ECTOR'S TEXAS BRIGADE & THE ARMY OF TENNESSEE: The Battle of Stones RiverMy Great Great Great Grandfather Abraham Harris led an amazing life. He was born in 1825 in Leicestershire, England and at the tender age of 5 settled in Montgomery County, New York with his family. He joined the U.S. Army in 1847, fought in the Mexican American War and was amongst the first soldiers to construct an army outpost in North Texas, a fort near the banks of the Trinity River which would be named Ft. Worth. Abe later fought as a Confederate Soldier in the Civil War, rising to the rank of Lieutenant Colonel. He died in 1915 and is buried in Pioneers Rest Cemetery only a short distance from the banks of the Trinity River where he had first settled in 1849.
One of the many battles where Abe saw action was The Battle of Stones River, also known as the Battle of Murfreesboro, as part of Ector's Texas Brigade, 14th Texas Cavalry. I love the enthusiasm and personal touch that Park Ranger Jim Lewis brings to the story of this battle in the following video.
To learn more about the many battles that these Texas Confederate troops were a part of I suggest reading Ector's Texas Brigade and the Army of Tennessee, by David V. Stroud, which can be found in many Texas libraries. My GGG Grandfather Abraham Harris is also mentioned in the book and there's a dandy picture as well!
|Colonel Abe Harris|
Below is a report of the battle from Abe's commanding officer, Colonel J.L. Camp. Abe would later go on to take command of these troops after Camp was injured in a later battle.
Report of Col. J. L. Camp, Fourteenth Texas Cavalry (dismounted).
CAMP NEAR SHELBYVILLE, TENN., January 10, 1863.
In obedience to Special Orders, No.--, the following report of the battle
of Murfreesborough is respectfully submitted:
On Tuesday, the 30th ultimo, our position were assigned us in line of
battle, subject to the fire of the enemy's batteries, the one directly in
front at a distance of some 600 yards; the other on our right, but in
range at a little greater distance. The batteries opened us in the evening
and continued for some half hour a heavy fire, but without injury to my
On the morning of the 31st, orders were transmitted to me indicating a
forward movement upon our part. Having hastily prepared to execute
the order, the final order "forward" was given at about 6 a.m. The
march was made in quick time, until the enemy's line appeared, and
their batteries in full view, when the command "charge" was given, and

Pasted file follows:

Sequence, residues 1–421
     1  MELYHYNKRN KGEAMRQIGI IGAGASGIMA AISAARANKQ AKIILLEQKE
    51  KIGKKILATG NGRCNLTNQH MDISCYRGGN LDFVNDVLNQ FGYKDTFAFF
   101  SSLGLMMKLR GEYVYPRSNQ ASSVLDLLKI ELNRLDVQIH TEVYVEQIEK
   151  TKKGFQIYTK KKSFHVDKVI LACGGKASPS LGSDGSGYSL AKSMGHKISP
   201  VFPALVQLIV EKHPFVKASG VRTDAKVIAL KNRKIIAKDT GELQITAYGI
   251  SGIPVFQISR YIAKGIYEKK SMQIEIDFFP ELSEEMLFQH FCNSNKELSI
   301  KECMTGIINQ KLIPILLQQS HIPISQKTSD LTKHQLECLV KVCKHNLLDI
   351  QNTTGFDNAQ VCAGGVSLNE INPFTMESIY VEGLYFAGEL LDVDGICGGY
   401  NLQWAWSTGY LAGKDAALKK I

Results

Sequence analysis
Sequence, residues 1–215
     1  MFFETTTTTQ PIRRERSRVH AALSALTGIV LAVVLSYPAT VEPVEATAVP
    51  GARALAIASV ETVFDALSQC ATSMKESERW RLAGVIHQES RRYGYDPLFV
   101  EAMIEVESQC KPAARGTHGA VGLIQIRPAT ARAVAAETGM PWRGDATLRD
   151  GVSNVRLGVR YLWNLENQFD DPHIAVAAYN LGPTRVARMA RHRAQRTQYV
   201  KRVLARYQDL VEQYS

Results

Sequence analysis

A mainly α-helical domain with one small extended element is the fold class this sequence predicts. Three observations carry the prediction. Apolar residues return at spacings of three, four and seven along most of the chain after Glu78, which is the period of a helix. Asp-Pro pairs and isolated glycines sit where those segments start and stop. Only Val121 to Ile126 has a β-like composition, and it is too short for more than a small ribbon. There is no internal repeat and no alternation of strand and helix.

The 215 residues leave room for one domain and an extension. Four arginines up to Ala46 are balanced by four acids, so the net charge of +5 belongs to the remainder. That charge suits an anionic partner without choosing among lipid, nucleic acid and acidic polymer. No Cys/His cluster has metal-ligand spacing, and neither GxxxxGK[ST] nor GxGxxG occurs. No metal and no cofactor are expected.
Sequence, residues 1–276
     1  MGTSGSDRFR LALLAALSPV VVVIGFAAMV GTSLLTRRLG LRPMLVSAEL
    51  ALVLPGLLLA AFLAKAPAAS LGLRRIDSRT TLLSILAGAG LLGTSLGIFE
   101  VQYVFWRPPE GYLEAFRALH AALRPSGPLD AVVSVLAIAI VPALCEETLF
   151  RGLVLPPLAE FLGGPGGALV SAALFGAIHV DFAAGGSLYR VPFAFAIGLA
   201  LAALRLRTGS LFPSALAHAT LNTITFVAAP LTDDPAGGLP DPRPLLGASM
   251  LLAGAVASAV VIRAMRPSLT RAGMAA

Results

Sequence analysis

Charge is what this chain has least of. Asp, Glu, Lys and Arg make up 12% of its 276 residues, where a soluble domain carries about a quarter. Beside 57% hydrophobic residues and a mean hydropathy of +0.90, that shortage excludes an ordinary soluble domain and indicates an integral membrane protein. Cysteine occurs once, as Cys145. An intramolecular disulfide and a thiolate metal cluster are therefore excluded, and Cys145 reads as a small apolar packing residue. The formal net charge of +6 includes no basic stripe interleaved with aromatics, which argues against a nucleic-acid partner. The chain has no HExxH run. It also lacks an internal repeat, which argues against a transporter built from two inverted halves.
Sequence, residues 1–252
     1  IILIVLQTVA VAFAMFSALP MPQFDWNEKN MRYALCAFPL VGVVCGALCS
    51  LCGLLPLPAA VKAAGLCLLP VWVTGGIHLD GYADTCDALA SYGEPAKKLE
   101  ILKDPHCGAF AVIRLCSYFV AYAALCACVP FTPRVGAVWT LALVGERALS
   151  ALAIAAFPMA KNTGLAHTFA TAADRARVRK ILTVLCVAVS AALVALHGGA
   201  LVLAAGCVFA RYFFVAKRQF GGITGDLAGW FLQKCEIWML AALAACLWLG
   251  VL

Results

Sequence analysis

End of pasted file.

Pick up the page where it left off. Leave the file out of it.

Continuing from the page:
faithfully, nobly, and gallantly executed, upon the part of both men and
officers, putting to fight the enemy and capturing the battery, horses,
&c., immediately in front of my regiment. My command suffered
greatly in this first charge, some of whom were killed, other wounded,
among whom was my sergeant-major (Johnson), who fell among the
foremost in the charge.
The enemy from thence retreated, and attempted to reform at a distance
of some 200 or 300 yards, but the charge first ordered was not in the
least checked, and they were again repulsed, with but little loss upon
our part. Then ensued a running fight for some distance, until the enemy
were driven out of sight before us. We continued our march in quick
time in the direction indicated, and, coming in sight of the enemy in
large force formed behind some woods, skirmishers were immediately
thrown out. My regiment, by exhaustion, wounded, and, killed, had
been reduced to about 120 men. Soon the skirmishers began a brisk fire,
and the order "charge" was given, and my regiment, in connection with
the regiment on my left, advanced into the woods under the most fearful
fire of infantry, which they repulsed, and continued the charge until they
advanced in range of the cross-fires of three of the enemy's batteries,
planted at a distance of some 300 or 40 yards from us. In this
precarious condition we kept the enemy--so vastly superior in numbers,
and aided, as they were, by artillery--in check, repulsing one charge
upon us, and kept up a continued fire until ordered to fall back, which
order was executed, and we formed at a distance of half a mile. At this
juncture men were never more exposed and suffered less. Each man
acted well his part; each commanding officer of companies, as well as
field, was at his post cheering his men, and each private conducting
himself with such heroism as to inspire all around with courage.
Too much cannot be said in commendation of men who suffered with
heroic patience the galling fire of the enemy in this last charge, when
their only help visible was the small regiment on my left, reduced in
like proportion to my own, in the face of an enemy ten times their
number, supported as they were, with the large batteries.
For a report* of the killed and wounded, I refer you to report previously
J. L. CAMP,
Col., Cmdg. Fourteenth Texas Cavalry Regt.
Gen. [M. D.] ECTOR,
Cmdg. First Brigade.
Source: Official Records
PAGE 934-29 KY., MIN. AND E. TENN., N. ALA., AND SW. VA. [CHAP. XXXII.
[Series I. Vol. 20. Part I, Reports. Serial No. 29.] Civil War Records, Provo, UT.